Researchers from Haifa University hold hostage posters in Antartica

In light of the ongoing conflict back home, the duo seized the opportunity to shed light on the situation in Israel, particularly focusing on the plight of the abductees.

By Pesach Benson, TPS

Upon arriving in Antarctica, the Haifa University researchers posed for celebratory photos with the flags of Israel and their university. But then they posed for a more serious picture: holding posters of abducted Israelis.

“The trip to Antarctica was planned long before recent events. Raising the flags of Israel and the University of Haifa was part of our original intention. However, amidst current events, this act holds far greater significance and power,” remarked Dr. Tal Luzzatto Knaan and Prof. Tali Mass.

In light of the ongoing conflict back home, the duo seized the opportunity to shed light on the situation in Israel, particularly focusing on the plight of the abductees. Despite initial reluctance to discuss political matters during the journey, Knaan and Mass persisted, sharing firsthand experiences, images, and videos of the abductees with their international peers.

The two researchers are from Haifa University’s Charney School of Marine Sciences.

Their Antarctic journey is part of the “Homeward Bound” program, which aims to empower women in STEMM fields (Science, Technology, Engineering, Mathematics, and Medicine) to address global challenges collectively.

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The two were among dozens of accomplished women from various corners of the globe.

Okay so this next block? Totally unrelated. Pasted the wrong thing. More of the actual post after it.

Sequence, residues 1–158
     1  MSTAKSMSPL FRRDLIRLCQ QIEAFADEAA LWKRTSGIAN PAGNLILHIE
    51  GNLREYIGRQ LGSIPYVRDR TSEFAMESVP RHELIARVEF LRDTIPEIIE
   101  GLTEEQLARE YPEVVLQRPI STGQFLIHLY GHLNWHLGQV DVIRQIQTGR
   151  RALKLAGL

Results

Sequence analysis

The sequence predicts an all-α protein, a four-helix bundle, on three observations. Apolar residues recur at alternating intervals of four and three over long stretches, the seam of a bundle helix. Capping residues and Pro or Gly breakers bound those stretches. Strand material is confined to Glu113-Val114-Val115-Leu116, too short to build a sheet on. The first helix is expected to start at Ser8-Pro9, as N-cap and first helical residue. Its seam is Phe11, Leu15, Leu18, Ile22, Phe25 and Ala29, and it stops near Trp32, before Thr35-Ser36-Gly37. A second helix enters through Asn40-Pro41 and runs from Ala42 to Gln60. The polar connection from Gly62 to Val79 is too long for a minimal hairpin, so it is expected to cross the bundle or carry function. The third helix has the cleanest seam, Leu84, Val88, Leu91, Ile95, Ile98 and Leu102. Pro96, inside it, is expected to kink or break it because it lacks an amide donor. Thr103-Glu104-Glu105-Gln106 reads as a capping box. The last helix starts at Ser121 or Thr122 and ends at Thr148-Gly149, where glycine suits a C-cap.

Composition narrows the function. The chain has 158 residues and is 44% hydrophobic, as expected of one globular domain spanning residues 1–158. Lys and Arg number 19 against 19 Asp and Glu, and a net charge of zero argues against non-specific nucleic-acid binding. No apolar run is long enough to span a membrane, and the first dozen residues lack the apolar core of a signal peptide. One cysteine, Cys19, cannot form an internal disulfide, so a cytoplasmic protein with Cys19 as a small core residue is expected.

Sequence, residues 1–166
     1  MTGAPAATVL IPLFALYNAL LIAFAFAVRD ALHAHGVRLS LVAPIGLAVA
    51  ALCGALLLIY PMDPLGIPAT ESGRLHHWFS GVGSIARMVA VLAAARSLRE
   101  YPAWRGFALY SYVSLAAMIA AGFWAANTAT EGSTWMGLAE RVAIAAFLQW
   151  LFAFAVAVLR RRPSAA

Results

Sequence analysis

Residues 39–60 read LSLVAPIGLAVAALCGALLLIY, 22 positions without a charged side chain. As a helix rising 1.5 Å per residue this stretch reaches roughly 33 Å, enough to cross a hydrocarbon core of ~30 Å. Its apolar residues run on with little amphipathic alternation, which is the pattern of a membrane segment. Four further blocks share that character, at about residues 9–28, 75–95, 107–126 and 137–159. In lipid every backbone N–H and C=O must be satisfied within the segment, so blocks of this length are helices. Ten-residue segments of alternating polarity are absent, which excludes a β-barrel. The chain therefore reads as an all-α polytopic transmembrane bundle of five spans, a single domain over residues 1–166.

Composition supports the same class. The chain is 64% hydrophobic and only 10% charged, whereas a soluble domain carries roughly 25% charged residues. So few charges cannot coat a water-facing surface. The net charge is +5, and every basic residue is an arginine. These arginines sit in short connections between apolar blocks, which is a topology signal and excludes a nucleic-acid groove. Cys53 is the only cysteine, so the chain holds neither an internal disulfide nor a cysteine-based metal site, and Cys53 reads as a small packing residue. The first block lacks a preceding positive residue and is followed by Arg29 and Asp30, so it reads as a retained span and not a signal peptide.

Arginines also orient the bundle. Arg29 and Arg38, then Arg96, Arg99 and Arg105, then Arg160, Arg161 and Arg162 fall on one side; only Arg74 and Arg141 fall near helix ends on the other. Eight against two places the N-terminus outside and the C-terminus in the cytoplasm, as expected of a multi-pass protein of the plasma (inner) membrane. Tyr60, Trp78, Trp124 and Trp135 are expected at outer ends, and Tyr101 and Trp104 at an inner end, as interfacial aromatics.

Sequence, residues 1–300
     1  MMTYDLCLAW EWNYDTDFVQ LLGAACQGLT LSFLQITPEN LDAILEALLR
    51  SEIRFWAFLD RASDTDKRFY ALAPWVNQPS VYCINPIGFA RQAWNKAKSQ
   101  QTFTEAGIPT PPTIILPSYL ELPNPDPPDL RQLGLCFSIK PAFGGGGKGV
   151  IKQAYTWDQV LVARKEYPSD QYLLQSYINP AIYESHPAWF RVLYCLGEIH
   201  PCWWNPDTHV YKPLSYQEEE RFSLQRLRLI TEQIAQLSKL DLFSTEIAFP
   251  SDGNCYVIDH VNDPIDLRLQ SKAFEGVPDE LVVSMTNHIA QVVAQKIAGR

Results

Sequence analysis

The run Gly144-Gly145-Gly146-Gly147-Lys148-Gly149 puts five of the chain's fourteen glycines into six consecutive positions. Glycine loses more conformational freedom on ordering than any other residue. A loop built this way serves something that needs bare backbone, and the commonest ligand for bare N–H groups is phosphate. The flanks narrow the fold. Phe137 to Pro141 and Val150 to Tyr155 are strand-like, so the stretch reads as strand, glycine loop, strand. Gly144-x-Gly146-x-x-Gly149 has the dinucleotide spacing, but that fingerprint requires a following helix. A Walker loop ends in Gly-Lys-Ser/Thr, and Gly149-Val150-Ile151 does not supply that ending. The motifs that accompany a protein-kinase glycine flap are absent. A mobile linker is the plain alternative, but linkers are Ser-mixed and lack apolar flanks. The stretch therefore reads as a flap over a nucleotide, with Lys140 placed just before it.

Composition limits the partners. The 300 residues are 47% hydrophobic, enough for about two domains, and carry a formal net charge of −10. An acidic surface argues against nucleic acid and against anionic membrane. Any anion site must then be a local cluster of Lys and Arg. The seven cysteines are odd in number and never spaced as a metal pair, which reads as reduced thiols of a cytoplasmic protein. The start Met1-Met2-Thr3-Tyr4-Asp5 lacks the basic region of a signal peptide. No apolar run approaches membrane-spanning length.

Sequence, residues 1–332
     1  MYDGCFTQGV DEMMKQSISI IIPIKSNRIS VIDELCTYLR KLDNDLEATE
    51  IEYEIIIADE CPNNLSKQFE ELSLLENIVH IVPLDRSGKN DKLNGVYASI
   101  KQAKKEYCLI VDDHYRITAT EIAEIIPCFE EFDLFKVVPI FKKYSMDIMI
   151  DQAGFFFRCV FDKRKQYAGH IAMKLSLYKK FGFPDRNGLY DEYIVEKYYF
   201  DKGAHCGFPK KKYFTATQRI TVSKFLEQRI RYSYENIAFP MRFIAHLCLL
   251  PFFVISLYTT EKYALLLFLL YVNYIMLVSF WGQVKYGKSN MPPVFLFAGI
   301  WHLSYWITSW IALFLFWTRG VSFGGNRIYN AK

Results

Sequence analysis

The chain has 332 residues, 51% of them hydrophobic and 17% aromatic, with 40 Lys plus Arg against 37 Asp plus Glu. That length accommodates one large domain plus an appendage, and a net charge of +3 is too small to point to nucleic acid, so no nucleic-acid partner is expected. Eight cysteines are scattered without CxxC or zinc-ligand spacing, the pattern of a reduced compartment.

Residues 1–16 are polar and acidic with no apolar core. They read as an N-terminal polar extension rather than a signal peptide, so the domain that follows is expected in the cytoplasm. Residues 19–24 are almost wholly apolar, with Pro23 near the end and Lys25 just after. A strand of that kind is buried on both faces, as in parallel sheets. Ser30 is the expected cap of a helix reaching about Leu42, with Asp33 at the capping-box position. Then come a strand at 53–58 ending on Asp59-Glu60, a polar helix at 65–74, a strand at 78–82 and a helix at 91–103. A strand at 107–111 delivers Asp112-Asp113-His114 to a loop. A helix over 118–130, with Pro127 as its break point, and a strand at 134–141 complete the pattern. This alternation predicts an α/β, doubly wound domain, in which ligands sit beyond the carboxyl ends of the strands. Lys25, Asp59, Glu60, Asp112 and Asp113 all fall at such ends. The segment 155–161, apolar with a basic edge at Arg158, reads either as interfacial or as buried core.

Knaan specializes in functional metabolomics and natural substances with a focus on marine bacteria and algae. A mother of three, Knaan seeks to better understand the ecological context of molecules and the potential applications for biotechnology, agriculture and medicinal uses.

Mass, also a mother of three, is an expert in the physiology of corals and marine animals, particularly in corals with specific traits and tolerances to changing environmental conditions.

“We understood the responsibility to bring awareness, especially in a forum like this, centered on leadership. It was vital to impart our perspectives on the situation back home. Many of our colleagues, exposed to this reality for the first time, now comprehend our circumstances better,” Knaan and Mass said.

While the two were away, Hamas released 26 Israeli and 15 foreign captives on Friday and Saturday.

A four-day ceasefire between Israel and the Hamas terrorist organization went into effect at 7 a.m. on Friday.

As part of the deal approved by the Israeli Cabinet last Wednesday, Hamas is to release 12 to 13 hostages each day of the truce. The release of every additional 10 hostages will result in one additional day in the pause in combat, for up to five days.

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At least 1,200 people were killed in Hamas’s attacks on Israeli communities near the Gaza border on Oct. 7. Another 240 men, women, children and soldiers were taken back to Gaza as hostages. Some people remain unaccounted for as Israeli authorities continue to identify bodies and search for human remains.